Podcast #296 – Dr. Zeev N. Kain on #Lean and Clinical Variation
Joining me for Episode #296 of the podcast is Zeev N. Kain, MD. MBA, FAAP. He is a physician and a Chancellor's Professor at the University of California, Irvine.
He has many additional roles and titles, including:
- Director, System Redesign & Value Based Care for the UC-Irvine Health Policy Research Institute
- Executive Director of the UCI-Yale Center on Stress & Health
- President of the American College of Perioperative Medicine
Per his bio, Dr. Kain is “recognized as an international expert in the clinical management of perioperative fear and anxiety, and management of children undergoing invasive medical procedures. His research addresses major dilemmas encountered in the management of affected children.”
He's also an advocate for Lean and Six Sigma and the connections to reducing “clinical variation” in healthcare. So, that's what we're talking about today. I enjoyed chatting with him and I hope you enjoy the discussion too.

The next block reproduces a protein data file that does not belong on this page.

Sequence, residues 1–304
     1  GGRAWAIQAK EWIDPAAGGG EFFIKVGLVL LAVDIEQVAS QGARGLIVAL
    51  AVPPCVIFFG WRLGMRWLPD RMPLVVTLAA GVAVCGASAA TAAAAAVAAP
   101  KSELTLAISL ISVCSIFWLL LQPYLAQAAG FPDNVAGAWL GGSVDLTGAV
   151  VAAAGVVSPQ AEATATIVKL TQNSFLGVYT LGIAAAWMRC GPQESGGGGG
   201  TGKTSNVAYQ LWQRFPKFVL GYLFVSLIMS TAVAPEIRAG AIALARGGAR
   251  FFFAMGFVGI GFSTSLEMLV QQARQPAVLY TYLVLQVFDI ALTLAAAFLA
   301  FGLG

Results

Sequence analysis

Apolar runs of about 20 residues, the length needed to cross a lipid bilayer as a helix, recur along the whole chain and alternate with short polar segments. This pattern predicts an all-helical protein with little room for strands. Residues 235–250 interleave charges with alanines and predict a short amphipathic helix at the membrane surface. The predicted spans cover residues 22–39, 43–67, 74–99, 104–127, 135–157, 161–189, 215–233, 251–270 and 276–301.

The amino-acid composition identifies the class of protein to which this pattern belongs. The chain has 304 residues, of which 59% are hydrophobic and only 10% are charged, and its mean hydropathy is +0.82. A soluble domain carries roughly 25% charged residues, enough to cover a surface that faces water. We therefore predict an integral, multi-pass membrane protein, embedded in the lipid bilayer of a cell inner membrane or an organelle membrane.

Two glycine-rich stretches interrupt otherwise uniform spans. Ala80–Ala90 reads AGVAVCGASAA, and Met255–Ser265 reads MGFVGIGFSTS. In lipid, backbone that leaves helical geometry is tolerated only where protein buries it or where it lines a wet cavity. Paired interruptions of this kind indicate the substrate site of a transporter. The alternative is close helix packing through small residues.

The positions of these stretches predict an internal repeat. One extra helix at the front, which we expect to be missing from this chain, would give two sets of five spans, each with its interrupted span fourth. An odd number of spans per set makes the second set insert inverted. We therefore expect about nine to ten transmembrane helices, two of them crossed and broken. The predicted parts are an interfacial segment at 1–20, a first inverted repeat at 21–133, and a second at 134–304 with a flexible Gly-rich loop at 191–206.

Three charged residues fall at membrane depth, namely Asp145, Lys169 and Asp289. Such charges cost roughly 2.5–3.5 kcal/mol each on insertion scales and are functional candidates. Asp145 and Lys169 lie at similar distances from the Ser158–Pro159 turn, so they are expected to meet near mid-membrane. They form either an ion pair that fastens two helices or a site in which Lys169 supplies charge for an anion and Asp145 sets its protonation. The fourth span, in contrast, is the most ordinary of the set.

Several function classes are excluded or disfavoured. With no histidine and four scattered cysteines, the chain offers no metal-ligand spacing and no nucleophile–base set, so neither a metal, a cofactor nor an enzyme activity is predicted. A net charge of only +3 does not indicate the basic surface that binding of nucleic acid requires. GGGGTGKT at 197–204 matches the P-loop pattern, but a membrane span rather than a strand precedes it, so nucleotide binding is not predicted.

Streaming Player (Run Time 50:28)
For a link to use for this episode, refer people to www.leanblog.org/296.
For earlier episodes of my podcast, visit the main Podcast page, which includes information on how to subscribe via RSS, through Android apps, or via Apple Podcasts. You can also subscribe and listen via Stitcher.
Links, Topics, Questions, and Quotes:
- How and when did you get introduced to Lean?
- Why did you take interest in the approach?
- How do you see Lean connecting with the challenge of clinical variation?
- Is Lean controversial in this realm?
- How was “Lean and Six Sigma” combined and taught at Yale-New Haven?
- What role did GE play?
- What reaction do you get from physicians when you introduce them to Lean and Six Sigma?
- The BMJ article he references on the number of patients who die each year due to medical error
- How many errors are caused by “execution errors” instead of a lack of knowledge?
- In the scientific process, is there “intentional variation?”
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Good insight that Lean adopters rarely address change management.
Considering Toyota purposefully addresses change (isn’t that how John Shook got his first job at Toyota?) and its importance to success, I wonder why the topic is generally ignored.
Good question. My impression is many organizations are still stuck in the mindset that telling people what to do is the best strategy or the only strategy.
It’s amazing sometimes how little effort goes into engaging employees… but then leaders complain that employees aren’t engaged (as if it’s the fault of the employees).
I’ve been teaching a change management workshop with a learning simulation for a couple of years now. I think it’s incredibly important…